EU General Data Protection Regulations (GDPR) – How to comply

Similar to the Australian Privacy Principles (APP) as set out in the Australian Privacy Act 1988 (Cth) (Privacy Act), the General Data Protection Regulation (GDPR) ‘lays down rules relating to the protection of natural persons and the processing of their personal data.’  The GDPR came into force on 24 May 2016 and became binding on all European Union (EU) member states on 25 May 2018.

How does the GDPR apply to Australian entities?

Most important to Australian businesses is the territorial scope of the GDPR set out in Article 3.  The GDPR applies to entities with an establishment in the EU and to entities that are not established in the EU if they are involved in processing personal information about EU citizens or residents.

Article 3 (2) states:

“This Regulation applies to the processing of personal data of data subjects who are in the Union by a controller or processor not established in the Union, where the processing activities are related to:

  • the offering of goods or services, irrespective of whether a payment of the data subject is required, to such data subjects in the Union; or
  • the monitoring of their behaviour as far as their behaviour takes place within the Union.”

As such if an Australian entity is dealing with personal information about natural persons who are residents or citizens of an EU member state, which relates to the offering of goods or services or monitoring their behaviour, the GDPR will likely apply.

These are some examples where the GDPR may apply to Australian entities:

  • selling software to EU citizens or residents and keeping a record of their personal data attached to their license;
  • collecting personal data for marketing purposes;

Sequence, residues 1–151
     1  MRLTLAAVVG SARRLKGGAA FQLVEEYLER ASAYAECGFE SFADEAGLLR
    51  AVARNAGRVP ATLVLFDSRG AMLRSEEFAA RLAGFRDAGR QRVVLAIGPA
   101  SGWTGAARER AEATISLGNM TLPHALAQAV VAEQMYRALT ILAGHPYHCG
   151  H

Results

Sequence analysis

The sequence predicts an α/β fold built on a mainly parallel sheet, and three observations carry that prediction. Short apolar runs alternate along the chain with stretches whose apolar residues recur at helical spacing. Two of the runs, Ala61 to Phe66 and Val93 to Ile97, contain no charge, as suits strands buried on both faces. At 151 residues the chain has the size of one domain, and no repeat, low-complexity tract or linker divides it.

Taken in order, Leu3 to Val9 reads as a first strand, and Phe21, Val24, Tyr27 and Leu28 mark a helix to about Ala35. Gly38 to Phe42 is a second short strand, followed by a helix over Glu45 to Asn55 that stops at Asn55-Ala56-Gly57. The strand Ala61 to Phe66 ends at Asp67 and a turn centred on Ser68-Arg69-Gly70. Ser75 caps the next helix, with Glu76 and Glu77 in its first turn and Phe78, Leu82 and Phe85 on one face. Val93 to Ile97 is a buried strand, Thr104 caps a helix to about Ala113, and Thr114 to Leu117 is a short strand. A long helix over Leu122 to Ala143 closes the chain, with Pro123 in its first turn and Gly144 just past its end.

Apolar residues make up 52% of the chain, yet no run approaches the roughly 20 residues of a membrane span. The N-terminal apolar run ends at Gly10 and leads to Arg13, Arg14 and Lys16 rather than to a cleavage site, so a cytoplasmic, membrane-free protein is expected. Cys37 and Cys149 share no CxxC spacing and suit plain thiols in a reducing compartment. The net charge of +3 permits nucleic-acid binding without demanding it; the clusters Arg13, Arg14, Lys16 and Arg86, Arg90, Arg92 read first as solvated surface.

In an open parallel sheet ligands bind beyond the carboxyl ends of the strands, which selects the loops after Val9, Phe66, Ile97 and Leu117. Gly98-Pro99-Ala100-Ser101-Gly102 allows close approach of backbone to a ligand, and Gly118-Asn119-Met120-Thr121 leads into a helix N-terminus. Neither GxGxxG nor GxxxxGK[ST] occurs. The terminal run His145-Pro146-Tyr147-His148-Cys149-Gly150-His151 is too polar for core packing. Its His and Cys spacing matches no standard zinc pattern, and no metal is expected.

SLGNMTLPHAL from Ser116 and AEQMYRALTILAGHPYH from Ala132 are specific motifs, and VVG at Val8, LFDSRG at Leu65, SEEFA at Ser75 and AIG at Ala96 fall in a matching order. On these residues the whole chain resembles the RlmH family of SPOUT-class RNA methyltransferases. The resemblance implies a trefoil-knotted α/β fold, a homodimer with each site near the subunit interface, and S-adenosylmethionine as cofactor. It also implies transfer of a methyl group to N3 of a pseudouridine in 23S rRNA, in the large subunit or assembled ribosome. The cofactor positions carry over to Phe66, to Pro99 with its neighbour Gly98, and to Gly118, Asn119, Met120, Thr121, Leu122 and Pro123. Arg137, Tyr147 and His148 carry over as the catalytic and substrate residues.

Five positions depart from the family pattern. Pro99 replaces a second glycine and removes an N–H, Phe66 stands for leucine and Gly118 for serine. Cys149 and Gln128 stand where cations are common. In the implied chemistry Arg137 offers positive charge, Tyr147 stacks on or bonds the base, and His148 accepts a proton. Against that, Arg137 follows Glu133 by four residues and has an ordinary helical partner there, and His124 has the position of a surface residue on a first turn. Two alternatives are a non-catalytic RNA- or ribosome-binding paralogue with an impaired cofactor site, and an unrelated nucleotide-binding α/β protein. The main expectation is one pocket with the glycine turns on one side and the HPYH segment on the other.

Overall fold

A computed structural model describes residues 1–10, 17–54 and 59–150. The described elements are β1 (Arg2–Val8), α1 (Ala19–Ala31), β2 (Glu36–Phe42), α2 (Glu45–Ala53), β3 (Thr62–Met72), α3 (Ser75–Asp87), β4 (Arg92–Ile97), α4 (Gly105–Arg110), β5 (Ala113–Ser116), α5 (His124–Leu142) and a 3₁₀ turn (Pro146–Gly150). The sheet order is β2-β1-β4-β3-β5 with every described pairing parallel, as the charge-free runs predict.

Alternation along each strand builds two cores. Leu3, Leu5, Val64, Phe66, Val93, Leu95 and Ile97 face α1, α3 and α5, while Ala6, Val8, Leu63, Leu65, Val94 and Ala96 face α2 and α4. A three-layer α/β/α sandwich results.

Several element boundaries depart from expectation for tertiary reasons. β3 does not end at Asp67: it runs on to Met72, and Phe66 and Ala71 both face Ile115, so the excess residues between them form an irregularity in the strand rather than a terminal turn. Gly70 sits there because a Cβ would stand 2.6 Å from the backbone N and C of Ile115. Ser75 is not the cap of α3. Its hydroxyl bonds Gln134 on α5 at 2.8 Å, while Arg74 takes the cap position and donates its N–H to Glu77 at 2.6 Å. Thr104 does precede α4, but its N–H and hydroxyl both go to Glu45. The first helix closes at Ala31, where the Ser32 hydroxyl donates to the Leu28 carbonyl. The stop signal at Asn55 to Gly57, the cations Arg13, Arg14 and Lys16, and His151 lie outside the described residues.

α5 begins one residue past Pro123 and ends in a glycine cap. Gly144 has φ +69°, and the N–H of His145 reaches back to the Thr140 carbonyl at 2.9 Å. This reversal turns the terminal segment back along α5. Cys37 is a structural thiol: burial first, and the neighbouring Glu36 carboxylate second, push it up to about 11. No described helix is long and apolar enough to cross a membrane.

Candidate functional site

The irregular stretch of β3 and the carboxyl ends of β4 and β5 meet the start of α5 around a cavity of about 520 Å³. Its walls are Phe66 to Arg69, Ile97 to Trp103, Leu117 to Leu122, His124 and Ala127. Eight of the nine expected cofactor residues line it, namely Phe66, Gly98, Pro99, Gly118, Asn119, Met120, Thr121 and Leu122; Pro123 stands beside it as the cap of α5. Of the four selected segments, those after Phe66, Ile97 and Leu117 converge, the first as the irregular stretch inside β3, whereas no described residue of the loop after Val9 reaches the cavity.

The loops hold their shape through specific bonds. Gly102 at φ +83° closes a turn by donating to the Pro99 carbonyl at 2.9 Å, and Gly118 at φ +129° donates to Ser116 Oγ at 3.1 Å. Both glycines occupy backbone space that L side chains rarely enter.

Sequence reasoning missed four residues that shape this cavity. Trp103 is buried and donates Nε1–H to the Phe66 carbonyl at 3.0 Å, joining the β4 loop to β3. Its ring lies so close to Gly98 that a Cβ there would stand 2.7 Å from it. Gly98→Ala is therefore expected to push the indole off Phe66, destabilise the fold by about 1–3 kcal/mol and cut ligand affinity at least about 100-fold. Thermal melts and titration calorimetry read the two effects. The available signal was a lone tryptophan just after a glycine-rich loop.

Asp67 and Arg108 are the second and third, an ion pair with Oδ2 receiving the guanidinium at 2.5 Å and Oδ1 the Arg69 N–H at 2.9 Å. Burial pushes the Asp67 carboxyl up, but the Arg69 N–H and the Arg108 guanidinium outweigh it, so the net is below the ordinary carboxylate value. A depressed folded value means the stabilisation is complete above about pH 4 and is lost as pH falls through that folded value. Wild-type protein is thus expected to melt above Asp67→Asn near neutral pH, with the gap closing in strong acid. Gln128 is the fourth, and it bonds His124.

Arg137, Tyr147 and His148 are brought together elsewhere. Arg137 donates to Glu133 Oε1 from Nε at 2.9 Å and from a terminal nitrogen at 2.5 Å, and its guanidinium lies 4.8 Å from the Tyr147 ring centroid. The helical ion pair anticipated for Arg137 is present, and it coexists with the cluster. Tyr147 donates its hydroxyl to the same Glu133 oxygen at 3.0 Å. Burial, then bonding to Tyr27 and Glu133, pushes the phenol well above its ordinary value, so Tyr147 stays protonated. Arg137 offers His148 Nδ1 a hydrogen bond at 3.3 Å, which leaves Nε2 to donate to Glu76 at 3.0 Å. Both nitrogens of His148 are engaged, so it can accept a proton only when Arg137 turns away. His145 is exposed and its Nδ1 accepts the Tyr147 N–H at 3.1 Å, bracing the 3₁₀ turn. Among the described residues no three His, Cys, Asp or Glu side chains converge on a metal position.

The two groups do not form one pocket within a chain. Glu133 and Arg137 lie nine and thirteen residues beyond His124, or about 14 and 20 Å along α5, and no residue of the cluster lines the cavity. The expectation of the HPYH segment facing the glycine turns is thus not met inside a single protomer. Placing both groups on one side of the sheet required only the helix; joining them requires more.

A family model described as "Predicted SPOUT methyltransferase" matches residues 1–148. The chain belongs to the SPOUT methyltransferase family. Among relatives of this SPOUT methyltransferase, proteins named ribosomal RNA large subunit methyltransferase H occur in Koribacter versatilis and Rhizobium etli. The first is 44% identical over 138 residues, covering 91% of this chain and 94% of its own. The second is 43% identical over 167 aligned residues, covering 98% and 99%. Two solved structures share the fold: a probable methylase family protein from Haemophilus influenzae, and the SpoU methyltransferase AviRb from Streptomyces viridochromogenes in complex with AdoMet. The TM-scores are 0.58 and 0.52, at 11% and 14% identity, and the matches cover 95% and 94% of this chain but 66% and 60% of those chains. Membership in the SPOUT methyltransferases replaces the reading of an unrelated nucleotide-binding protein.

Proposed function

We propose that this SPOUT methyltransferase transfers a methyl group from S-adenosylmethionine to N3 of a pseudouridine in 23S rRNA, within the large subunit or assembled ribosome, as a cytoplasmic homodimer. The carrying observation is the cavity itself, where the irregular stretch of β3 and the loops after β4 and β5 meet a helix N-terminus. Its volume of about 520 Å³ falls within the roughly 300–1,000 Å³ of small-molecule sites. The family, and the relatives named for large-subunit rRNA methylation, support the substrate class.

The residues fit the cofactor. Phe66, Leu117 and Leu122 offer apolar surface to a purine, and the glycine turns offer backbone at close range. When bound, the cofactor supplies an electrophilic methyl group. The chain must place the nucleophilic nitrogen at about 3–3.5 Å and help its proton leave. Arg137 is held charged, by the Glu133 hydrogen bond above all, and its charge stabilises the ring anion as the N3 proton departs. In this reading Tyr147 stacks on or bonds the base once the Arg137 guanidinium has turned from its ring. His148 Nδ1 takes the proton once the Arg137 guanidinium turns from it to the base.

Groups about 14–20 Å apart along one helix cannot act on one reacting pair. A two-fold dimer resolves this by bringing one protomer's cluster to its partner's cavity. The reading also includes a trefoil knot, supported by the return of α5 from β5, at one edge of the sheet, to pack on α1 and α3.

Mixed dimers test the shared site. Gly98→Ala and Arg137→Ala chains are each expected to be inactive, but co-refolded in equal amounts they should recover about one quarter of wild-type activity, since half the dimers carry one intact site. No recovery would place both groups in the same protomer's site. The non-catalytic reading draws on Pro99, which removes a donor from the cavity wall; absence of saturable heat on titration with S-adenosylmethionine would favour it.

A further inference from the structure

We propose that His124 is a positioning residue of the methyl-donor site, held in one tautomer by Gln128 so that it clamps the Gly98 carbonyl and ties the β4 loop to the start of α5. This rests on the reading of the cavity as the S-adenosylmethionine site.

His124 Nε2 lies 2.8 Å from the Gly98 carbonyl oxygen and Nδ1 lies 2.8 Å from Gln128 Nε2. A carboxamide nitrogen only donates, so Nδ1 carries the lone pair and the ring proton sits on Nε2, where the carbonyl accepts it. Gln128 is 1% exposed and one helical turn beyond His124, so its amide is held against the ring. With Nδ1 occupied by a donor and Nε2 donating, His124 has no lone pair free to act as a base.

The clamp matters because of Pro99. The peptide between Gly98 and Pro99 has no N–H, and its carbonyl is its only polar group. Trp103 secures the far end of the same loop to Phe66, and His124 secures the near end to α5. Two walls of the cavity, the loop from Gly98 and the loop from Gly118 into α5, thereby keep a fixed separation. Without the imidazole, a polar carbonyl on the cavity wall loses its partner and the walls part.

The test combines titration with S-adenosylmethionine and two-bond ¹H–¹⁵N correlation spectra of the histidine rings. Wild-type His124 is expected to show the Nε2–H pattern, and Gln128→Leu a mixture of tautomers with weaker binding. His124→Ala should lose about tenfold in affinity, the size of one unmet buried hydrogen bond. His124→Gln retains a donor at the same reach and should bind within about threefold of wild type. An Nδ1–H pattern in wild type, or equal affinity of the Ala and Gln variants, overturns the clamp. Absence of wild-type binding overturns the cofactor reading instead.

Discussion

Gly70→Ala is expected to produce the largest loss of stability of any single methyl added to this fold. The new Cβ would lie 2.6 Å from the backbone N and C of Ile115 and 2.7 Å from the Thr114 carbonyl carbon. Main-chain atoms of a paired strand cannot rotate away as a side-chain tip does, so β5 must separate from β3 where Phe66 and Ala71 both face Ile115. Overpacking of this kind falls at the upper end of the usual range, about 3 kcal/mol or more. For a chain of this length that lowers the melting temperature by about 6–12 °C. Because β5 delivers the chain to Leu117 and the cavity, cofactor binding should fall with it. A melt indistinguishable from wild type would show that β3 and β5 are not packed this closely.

• providing a SaaS system to EU clients or having clients who use the system to capture personal data from EU subjects; or
  • hosting websites where your clients are collecting EU resident’s or citizen’s personal data.

Key Concepts – what is Personal Data?

Article 4 (1) states:

‘personal data’ means any information relating to an identified or identifiable natural person (data subject); an identifiable natural person is one who can be identified, directly or indirectly, in particular by reference to an identifier such as a name, an identification number, location data, an online identifier or to one or more factors specific to the physical, physiological, genetic, mental, economic, cultural or social identity of that natural person;

A Data Subject is therefore a natural person.  Personal Data, deriving from the term ‘any information’, is very broad and may be alphabetical, numerical or graphical.  Similar to the definition of sensitive information in the Privacy Act, the GDPR refers to special categories of personal data (Sensitive Personal Data) which includes:

‘racial or ethnic origin, political opinions, religious or philosophical beliefs, or trade union membership, and the processing of genetic data, biometric data for the purpose of uniquely identifying a natural person, data concerning health or data concerning a natural person’s sex life or sexual orientation,’

The GDPR prohibits the processing of this Sensitive Personal Data except where conditions are met, such as obtaining explicit consent.  Other exceptions to the general prohibition are set out in Article 9 (2).

Who does the GDPR apply to?

Assuming an entity falls within the territorial scope of the GDPR an entity is subject to the regulation if it is a controller or processor of Personal Data. As defined in Article 4:

(7) ‘controller’ means the natural or legal person, public authority, agency or other body which, alone or jointly with others, determines the purposes and means of the processing of personal data; where the purposes and means of such processing are determined by Union or Member State law, the controller or the specific criteria for its nomination may be provided for by Union or Member State law; (Data Controller)

(8) ‘processor’ means a natural or legal person, public authority, agency or other body which processes personal data on behalf of the controller; (Data Processor)

Relevant to these definitions is the definition of processing:

(2) ‘processing’ means any operation or set of operations which is performed on personal data or on sets of personal data, whether or not by automated means, such as collection, recording, organisation, structuring, storage, adaptation or alteration, retrieval, consultation, use, disclosure by transmission, dissemination or otherwise making available, alignment or combination, restriction, erasure or destruction;